Fri. Nov 15th, 2019


Makes Wood Beautiful

Pipe making process

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Clean shop, ready for pipe making..

Woods to be used, Amboyna Burl, African Blackwood, Padauk, maybe some red palm…

Drawing the rough shape

Cutting it out with a fret saw

Some rough sanding

Putting it on the 4 jaw chuck and turning the bowl on the lathe

Putting the drill chuck on the lathe and drilling the bowl

Setting the boring tool, and boring the bowl out to the correct diameter

Turning the base of the stem

Drilling the mortise for the stem

Boring the mortise

Completed holes for eventual stem and bowl insert

Coffee break

Rough sanding with the 4 jaw self centering chuck, and padded sanding disc

Roughing the shape out some more with a detail rasp

Refining the shape with some detail files

Some Tools

Switching to a finer grit sanding disc to smooth out the shape a bit and get rid of scratches from the rasp

I lick the wood to check the grain pattern, lookin’ nice!

My hand, for scale

Another view of the mortises and partial air holes, with my safety glasses in the background

Rough block of African blackwood in the chuck, this will eventually be the bowl insert

Turning the outside diameter and the face

Drilling a hole to make it easier to turn the inside diameter with hand tools

Custom made turning tool for the inside of bowls

Bowl roughly turned

Drilling out the air hole at the bottom of the bowl

Cleaning up the inside

Special tool for cutting a groove on the inside of the bowl for the metal screen

Sanded down the bowl a bit on the disc sander to shorten it before fitting the bowl insert

Super fine amboyna sawdust

More tools

Measuring the bowl depth with a digital caliper

Measuring again to determine what the length of the bowl insert will be

Marking some guidelines

Using a parting tool for the rough shaping of the outside diameter

Determining the outside diameter that the bowl insert will be

More measuring and turning

Using the left hand cutting tool to square up the corners

Using a diamond point tool to turn the bowl details

Using the boring tool to turn the rim of the bowl that will eventually be fitted with a lid later on

This is how it looks after some fine sanding with 600 grit

Cutting the bowl insert off with a fret saw

Lookin’ pretty good, this block of African blackwood has a lot of nice gray tones that I like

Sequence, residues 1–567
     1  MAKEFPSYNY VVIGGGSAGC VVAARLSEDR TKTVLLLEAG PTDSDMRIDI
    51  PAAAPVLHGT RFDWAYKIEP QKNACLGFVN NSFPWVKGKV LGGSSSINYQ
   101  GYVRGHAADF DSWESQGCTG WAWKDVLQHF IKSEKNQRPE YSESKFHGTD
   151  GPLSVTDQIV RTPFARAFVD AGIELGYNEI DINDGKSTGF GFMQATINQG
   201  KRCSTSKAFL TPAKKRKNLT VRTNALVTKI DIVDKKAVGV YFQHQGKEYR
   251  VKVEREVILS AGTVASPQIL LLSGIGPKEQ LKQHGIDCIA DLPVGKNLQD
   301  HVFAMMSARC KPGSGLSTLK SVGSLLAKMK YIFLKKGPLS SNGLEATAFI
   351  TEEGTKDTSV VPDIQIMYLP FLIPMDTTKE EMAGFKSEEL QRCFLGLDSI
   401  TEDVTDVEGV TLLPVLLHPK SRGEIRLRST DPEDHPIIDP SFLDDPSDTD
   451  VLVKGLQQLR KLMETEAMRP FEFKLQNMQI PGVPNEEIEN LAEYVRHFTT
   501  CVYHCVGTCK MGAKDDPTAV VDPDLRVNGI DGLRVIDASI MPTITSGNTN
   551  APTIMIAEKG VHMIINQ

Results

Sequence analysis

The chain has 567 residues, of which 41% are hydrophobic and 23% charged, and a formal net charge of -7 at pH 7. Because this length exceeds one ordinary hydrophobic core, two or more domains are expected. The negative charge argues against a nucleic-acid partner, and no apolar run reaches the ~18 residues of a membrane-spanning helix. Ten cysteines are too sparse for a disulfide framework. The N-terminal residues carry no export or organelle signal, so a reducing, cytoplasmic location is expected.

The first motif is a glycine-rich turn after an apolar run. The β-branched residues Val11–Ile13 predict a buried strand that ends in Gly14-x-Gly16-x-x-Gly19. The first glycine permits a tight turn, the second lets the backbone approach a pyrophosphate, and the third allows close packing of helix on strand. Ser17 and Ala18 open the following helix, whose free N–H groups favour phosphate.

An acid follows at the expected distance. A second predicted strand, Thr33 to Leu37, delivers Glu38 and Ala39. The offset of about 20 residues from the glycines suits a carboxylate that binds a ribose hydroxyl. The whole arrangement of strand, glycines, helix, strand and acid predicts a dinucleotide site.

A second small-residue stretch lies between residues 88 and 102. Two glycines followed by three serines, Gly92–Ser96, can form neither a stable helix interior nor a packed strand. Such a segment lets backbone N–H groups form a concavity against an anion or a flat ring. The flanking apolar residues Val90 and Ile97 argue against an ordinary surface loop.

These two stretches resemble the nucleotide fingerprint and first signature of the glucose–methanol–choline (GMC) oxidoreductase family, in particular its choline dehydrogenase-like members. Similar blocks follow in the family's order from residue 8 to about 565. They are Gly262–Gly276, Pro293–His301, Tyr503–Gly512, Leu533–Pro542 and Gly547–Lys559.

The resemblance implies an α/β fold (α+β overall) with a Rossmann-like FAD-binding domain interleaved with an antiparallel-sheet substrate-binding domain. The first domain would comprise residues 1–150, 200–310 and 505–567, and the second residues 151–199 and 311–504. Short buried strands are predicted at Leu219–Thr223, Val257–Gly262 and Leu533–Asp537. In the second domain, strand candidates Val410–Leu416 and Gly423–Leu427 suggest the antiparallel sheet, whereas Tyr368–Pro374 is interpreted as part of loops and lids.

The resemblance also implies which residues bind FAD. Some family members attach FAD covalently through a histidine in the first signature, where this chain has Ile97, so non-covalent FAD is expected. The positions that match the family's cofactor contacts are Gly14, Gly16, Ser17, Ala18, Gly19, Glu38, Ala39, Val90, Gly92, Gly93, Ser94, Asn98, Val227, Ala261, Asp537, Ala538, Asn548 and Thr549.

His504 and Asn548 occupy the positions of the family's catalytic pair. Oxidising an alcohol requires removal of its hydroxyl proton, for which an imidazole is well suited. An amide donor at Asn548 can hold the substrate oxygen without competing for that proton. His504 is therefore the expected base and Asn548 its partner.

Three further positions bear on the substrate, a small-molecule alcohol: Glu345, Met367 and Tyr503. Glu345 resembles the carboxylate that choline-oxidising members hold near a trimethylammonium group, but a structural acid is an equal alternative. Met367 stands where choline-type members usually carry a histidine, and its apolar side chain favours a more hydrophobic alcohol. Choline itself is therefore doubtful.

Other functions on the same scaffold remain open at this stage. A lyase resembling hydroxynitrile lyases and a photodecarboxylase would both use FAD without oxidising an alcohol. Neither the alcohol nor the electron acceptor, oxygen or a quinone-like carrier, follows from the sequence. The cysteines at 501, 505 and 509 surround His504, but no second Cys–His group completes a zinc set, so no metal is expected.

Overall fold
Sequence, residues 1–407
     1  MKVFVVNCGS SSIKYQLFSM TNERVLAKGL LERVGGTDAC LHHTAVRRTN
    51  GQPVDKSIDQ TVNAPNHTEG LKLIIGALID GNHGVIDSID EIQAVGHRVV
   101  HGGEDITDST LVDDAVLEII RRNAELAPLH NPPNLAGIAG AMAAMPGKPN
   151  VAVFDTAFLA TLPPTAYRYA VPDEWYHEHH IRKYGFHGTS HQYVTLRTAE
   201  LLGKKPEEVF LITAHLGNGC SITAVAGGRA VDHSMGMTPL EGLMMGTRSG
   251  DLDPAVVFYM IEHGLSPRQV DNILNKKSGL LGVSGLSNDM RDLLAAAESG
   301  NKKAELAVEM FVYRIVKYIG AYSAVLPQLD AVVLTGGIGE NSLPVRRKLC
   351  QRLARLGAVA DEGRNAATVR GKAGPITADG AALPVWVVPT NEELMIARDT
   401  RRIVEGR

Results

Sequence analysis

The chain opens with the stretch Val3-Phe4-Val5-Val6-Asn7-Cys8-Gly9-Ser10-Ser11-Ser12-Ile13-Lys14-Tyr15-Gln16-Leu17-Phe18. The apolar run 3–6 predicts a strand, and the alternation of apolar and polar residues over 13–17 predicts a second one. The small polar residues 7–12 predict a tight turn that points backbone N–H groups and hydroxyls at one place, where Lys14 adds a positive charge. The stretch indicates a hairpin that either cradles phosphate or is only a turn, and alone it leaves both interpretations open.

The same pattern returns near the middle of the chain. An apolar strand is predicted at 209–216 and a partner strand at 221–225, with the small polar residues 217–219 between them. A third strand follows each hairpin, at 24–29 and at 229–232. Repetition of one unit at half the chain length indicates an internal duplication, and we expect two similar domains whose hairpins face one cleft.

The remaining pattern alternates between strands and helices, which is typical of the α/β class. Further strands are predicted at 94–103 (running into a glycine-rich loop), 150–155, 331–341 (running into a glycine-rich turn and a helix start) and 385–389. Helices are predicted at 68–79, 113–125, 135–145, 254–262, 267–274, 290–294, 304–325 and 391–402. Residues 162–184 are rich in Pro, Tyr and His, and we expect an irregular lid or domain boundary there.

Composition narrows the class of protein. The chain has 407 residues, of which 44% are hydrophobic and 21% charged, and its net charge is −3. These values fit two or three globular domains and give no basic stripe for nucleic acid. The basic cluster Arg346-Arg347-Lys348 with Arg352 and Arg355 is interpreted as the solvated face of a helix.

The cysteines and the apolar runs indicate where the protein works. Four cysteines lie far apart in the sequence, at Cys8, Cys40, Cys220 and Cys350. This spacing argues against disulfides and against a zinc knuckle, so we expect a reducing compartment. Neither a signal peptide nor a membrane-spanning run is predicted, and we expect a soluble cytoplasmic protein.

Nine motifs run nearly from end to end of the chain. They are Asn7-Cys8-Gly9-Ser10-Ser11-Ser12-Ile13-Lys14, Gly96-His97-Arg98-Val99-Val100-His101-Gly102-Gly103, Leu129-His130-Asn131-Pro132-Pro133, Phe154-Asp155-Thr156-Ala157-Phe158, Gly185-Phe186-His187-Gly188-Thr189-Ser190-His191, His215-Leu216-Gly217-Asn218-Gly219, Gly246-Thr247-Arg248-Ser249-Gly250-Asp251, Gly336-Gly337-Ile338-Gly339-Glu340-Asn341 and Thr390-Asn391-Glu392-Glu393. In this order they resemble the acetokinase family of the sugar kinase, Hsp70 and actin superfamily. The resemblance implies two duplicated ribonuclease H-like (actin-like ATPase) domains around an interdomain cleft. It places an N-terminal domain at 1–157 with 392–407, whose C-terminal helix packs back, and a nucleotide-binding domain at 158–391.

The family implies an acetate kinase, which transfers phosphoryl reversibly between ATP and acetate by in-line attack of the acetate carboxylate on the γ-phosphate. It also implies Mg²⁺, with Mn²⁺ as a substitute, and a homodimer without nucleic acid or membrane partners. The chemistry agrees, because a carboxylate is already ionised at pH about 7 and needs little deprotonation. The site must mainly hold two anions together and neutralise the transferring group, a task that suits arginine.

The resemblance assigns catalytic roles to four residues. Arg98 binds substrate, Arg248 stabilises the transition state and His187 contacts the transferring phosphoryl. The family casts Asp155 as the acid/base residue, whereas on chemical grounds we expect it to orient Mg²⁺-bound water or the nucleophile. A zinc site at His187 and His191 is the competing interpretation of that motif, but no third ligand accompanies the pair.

It fits!

Now time for something stressful, connecting the air holes

First hole at 90 degrees

Drilling the air hole to the stem at an angle after lining it all up and clamping it down

Didn’t mess it up!

Drilling the air hole to the bowl

Perfect, the air hole is offset so that moisture buildup and resin in the bowl will drop down into the larger hole where it can easily be cleaned out with a pipe cleaner. This is also important for a pipe of this design, because without it your pipe would make a gurgling noise when you use it.

The air holes from the bottom

After cleaning it up with a detail file

Having some milk, haha

Cut out a piece of copper with a hacksaw, this will be a rim for the bowl, and also hold half of the lid hinge assembly

Hammering it out

Annealing the copper with propane torch to soften it again. Hammering will harden copper pretty quickly, so this is a necessary step when you’re cold working copper.

Letting the copper cool on a bed of sawdust, the copper will react with the carbon from the burnt sawdust to create some really nice colours

Hammering it out again

After sanding on the belt sander

After more hammering, annealing, and sanding

Final hammering, going for a nice consistent pattern

Final annealing

After a light sanding with 600 grit to bring out the pattern

Bent into a ring to fit the bowl insert

Some colour experiments, using sawdust and heat

Testing the colour, nope I like the first version better

Hammering and filing out the shape of the hinge

Ready for silver soldering